Tuesday, December 27, 2005

Hwang's Success Rate and Another Technicality

(Disclaimer: I am not a lawyer. Nothing in this post should be construed as legal advice or proper opinion. I am simply some idiot trying to make sense of things. Please consult proper legal counsel before making any decision.)

I am working on getting english abstracts of Hwang Woo-suk's patents still, but a look over the Korean database yields some interesting information:

A. Mr. Hwang filed for 8 patents in Korea (as PCT's) so far.
B. 4 Have been registered
C. 1 Was withdrawn
D. 1 Was abandoned
E. 2 Were rejected.

Hwang apparently is only suceeding in getting patents half the time. Considering each patent takes tens of thousands to register this is not a good average. No wonder at one time he was crying poverty in his efforts to patent his work. Most of the investment community did not see much good in him pre-Hwang-mania. Perhaps the inability to prove his work patentable half the time was a harbinger of his current problems.
Finally, going back to the Korean Patent Law, there is another important passage I forgot to cite. Article 116 deals with cancelation of a patent due to it not being worked in Korea for two years. Now I am not going to deal with the details, and they are somewhat unimportant (it deals mainly with the compulsatory licencing laws in Korea). The main point of this is if the invention has not been worked in Korea for two years the Korean Intellectual Property Office can extingish the patent ex officio (by its own impetus), or upon request. Assuming Hwang's patents are unworkable, obviously nobody can work them in Korea, and therefore KIPO has the right to extiguish them (however they are not required).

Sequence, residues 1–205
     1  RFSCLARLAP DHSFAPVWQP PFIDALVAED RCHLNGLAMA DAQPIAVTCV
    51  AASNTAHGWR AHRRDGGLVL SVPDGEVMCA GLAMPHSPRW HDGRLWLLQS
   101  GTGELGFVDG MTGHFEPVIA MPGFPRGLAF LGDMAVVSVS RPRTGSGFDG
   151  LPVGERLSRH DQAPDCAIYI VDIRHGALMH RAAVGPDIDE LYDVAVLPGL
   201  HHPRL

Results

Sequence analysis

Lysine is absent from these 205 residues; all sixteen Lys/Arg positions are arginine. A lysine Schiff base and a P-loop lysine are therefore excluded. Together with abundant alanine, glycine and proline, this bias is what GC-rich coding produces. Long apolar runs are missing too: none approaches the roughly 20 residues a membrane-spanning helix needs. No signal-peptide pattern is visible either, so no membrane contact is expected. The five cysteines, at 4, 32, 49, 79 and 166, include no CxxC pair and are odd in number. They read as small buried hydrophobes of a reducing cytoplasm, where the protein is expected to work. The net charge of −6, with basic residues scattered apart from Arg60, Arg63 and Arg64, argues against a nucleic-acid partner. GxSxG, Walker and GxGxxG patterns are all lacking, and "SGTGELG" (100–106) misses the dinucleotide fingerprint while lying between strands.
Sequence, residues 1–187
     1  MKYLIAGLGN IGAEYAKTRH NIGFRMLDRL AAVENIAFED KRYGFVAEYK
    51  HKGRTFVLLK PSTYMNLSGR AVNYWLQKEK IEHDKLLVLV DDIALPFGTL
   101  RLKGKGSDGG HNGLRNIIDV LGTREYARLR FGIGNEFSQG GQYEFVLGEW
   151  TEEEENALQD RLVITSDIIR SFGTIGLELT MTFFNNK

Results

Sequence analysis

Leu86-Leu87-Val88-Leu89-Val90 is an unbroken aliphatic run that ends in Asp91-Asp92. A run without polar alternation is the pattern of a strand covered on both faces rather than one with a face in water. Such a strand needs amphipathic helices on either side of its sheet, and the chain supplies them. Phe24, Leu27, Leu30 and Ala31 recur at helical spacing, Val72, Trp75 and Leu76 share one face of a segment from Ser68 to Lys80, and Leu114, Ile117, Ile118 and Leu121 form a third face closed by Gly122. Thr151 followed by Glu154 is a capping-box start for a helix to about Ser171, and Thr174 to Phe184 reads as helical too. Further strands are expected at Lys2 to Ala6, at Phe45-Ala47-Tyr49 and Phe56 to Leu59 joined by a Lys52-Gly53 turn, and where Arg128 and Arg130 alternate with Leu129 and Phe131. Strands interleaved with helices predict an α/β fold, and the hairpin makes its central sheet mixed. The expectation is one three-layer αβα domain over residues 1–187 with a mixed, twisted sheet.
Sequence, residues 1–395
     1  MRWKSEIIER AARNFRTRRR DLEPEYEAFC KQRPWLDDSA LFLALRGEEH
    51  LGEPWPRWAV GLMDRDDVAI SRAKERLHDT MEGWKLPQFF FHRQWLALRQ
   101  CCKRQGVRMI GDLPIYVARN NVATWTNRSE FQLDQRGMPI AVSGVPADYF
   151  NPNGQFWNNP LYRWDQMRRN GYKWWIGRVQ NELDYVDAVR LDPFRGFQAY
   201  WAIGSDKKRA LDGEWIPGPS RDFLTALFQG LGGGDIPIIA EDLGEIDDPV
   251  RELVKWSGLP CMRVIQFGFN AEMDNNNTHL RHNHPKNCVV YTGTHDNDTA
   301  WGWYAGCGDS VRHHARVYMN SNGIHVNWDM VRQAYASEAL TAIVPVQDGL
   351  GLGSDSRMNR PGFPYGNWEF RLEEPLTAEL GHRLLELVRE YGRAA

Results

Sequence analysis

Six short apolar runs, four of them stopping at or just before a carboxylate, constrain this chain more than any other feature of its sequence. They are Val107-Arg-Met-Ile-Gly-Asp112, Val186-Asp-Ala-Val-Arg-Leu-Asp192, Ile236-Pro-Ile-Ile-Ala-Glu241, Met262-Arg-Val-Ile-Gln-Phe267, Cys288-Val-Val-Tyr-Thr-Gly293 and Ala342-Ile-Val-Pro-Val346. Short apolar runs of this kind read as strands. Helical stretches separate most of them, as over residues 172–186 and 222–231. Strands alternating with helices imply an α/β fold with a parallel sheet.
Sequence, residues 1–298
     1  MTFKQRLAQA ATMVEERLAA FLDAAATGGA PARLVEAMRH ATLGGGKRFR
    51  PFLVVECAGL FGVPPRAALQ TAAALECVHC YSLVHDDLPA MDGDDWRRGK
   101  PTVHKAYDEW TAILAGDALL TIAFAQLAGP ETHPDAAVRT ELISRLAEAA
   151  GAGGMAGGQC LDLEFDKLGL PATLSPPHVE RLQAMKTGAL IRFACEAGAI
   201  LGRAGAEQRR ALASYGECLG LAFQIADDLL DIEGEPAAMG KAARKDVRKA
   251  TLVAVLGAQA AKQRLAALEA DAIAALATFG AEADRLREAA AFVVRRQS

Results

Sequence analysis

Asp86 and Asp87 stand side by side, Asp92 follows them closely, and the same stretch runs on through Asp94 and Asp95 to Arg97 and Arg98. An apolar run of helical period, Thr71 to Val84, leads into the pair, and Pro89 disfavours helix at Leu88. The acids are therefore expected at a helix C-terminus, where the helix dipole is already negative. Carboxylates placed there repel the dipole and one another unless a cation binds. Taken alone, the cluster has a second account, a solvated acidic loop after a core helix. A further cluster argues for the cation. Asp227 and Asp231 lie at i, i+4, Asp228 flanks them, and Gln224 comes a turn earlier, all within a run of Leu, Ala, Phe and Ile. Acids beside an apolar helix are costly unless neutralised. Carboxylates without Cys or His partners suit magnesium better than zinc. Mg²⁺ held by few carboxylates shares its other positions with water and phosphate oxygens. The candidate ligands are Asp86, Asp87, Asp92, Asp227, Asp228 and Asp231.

As I recall, most of the patents above were granted in '03. If somebody wanted to be a bother....


At January 01, 2006 8:00 AM, Anonymous Anonymous said...

What are you then?
A failed law student in US now working in Korea ?

At January 01, 2006 11:49 AM, Blogger Dram Man said...

Thank you for your comment, it is always nice to know somebody is listening.

I came into this industry on the practical applications side. I used to work marketing and business development for high tech firms in the US and Korea. I that capacity I worked on things like patent pooling, licensing, and technolgy transfer issues.

A wihle ago I pursued a life long dream to open my own resturant in Seoul with my wife. At that time I needed some work to supplement the start-up. As anybody can tell you starting your own business is tough, doubly so in a foreign country perhaps. After looking around, I started working the legal side as a consultant.

Four years later, I no longer have my restaruant or my wife, but I have bulit up much experince in IP law in Korea. After reading quite a few US and European IP blawgs, as well as some of the general blawgs ran by expats here in Korea, I realized I could fill a gap and share my knowelge on the intersection of IP law and business in Korea. If you read my posts, you may note they lean more to toward the business model side than detailed legal analysis.


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